The story so far:
To say that I slept poorly last night would not be an accurate statement. I didn’t sleep at all. Whenever I closed my eyes, I envisioned the preacher’s lips repeating, “this one will be worth remembering.” I didn’t know one way or the other about Halloween, but try as I might, I couldn’t push yesterday morning from my mind. If I was able to convince myself that he wasn’t a messenger sent straight from Lucifer, I might have tried to track him down and ask him more questions. I don’t know why.
I replayed some of the conversation we had yesterday. He’d sipped down three cups of bad coffee as I gushed my life story to him. I hadn’t spoken that much since I ended my sessions with Dr. Higgins and to be honest, I rather liked the silence. Mary was the gabber. Whether it was offering a secret recipe for better sugar cookies, politely providing cleaning tips, or just passing the time as she counted her cross-stitches, words always flowed. She didn’t care for “empty air,” as she put it. Fill it with voices. With joy and celebration. With family!
I felt my eyes swelling with saline.
And there I was again, twenty-three years old, in mid-state Pennsylvania, leaning on my Neon off the gravel shoulder of route 30, watching a barn wall go up. Though unmerited, I had no reason to be nervous approaching the Amish community. It wasn’t like I was going to get them to tow my car to a mechanic’s shop. I just needed a crowbar since I'd lent mine to a friend who needed the prop for a slasher movie shoot; he hadn’t returned it yet.
I made sure my vehicle was safely positioned - tractor trailers always sped with reckless abandon down Lancaster Pike - then climbed down a grassy bank and started into a tall cornfield. Stalks were always planted in rows, I thought; so long as I follow one path and don’t turn sideways, I should emerge on the other side in a few minutes. Long leaves brushed my face, so I pulled my cap low and continued. Even with the sun high in the afternoon sky, the shadows were disconcerting. I could see why people feared getting lost in settings like this – there was no sign of any exit unless I suddenly learned to fly. There wasn't even a dirt road for tractors. The row grew narrower until I had to sidestep to prevent breaking the stalks. Third grade gym class taught me to gallop; so long as no one was watching, I upped my pace and laughed like an insane idiot. Maybe I should have auditioned for a role in Gene’s film.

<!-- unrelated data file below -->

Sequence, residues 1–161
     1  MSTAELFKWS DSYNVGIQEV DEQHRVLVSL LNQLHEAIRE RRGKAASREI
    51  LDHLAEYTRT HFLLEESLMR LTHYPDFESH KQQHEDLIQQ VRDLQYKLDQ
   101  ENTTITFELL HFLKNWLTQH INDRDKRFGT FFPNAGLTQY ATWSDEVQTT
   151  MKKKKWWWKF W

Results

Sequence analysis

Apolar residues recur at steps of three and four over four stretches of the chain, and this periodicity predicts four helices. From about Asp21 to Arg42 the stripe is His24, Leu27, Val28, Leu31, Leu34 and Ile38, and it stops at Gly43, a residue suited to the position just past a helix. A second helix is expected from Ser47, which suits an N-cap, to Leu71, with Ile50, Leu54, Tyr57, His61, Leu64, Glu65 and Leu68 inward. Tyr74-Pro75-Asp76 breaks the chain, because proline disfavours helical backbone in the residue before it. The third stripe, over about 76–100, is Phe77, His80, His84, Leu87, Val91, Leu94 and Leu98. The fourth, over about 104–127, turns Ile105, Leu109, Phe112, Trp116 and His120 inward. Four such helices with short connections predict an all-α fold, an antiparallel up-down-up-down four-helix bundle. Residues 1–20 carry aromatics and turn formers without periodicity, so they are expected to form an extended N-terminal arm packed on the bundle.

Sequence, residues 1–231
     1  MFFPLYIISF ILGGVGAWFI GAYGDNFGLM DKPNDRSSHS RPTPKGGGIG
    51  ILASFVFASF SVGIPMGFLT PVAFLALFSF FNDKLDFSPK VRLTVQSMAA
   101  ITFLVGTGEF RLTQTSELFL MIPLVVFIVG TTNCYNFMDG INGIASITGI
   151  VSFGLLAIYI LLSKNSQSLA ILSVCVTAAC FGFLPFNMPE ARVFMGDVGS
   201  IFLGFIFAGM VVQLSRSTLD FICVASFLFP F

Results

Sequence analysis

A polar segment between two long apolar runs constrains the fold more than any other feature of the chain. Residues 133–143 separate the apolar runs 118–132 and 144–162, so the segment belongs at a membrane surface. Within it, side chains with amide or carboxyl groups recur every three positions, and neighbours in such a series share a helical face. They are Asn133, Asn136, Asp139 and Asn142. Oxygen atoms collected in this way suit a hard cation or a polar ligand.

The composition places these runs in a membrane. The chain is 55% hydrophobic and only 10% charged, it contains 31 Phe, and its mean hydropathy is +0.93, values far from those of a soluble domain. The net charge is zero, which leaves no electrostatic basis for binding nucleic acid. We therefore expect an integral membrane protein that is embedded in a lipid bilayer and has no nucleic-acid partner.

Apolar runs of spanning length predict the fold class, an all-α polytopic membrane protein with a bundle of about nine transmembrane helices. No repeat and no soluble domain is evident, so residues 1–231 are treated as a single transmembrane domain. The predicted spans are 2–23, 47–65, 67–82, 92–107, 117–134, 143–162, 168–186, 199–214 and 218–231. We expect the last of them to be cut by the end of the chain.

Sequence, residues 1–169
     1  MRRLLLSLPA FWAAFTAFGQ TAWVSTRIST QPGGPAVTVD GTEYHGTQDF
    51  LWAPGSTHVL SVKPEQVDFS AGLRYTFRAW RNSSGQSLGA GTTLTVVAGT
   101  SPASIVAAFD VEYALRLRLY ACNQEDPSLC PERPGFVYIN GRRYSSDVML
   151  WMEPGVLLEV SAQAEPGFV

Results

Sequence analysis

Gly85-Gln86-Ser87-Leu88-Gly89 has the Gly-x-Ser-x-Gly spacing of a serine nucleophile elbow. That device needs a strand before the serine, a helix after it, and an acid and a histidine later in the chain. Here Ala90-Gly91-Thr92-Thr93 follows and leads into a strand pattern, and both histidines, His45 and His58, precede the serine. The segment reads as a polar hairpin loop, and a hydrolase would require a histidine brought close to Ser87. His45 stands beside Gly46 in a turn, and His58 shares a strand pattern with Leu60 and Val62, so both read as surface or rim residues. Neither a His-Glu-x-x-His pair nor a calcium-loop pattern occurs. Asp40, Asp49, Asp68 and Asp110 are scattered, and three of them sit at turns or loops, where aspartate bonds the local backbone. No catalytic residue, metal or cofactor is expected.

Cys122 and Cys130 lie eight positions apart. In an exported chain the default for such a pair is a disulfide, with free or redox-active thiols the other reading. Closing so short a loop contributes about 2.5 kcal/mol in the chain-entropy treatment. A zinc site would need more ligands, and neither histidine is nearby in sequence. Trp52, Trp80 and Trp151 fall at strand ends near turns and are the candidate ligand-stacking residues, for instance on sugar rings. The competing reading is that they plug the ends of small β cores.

I spotted no sunlight at the end of the row. But I forced my feet to stay on line and persisted. A lonely jet soared overhead, too high to spot this particular cornball waving from the crops.
I had no idea how much time I’d spent among the cobs, but I decided it didn’t matter. I hummed “Old MacDonald,” supplying the appropriate farm noises. Cow. Horse. Chicken. Pig. Shee-
And that was when I emerged into an open field. The exit was so abrupt, I had to shield my eyes from the intense brightness. A hand gently brushed my shoulder.
“Are you okay?”
It was a girl’s voice. I turned and nodded at a teenager. For a brief moment, I didn’t care about the rumors of Amish inbreeding. Plain living did her well. Straight blonde hair dropped like a waterfall over the back of her gray dress. The sun teased her cheeks and nose with a rosy glow. Thin brows arched caringly over deep brown eyes. I wondered if it was the innocence from the world that caused her to look so... pure. She was, simply put, an angel.
After I explained my situation, she took my hand and led me to her father. Amos Beiler, a white-bearded tree trunk of a man, instructed a crew of black- and gray-clad workers to do something in Pennsylvania Dutch. He noticed me – still holding his daughter’s hand – delegated a younger man to take charge, and limped our direction. He offered his own hand and broke the connection between myself and his little girl. She bowed and departed to fetch lemonade while I retold the tale of my flat tire. With logs-for-arms folded across his chest, he listened. No comments. No interruptions. Not even a nod or head shake. He had to look up to see me, so I positioned myself between him and the sun. My head cast a shadow over his entire face, which was little more than a brim and a beard from my vintage point. Maybe he didn’t like being eclipsed.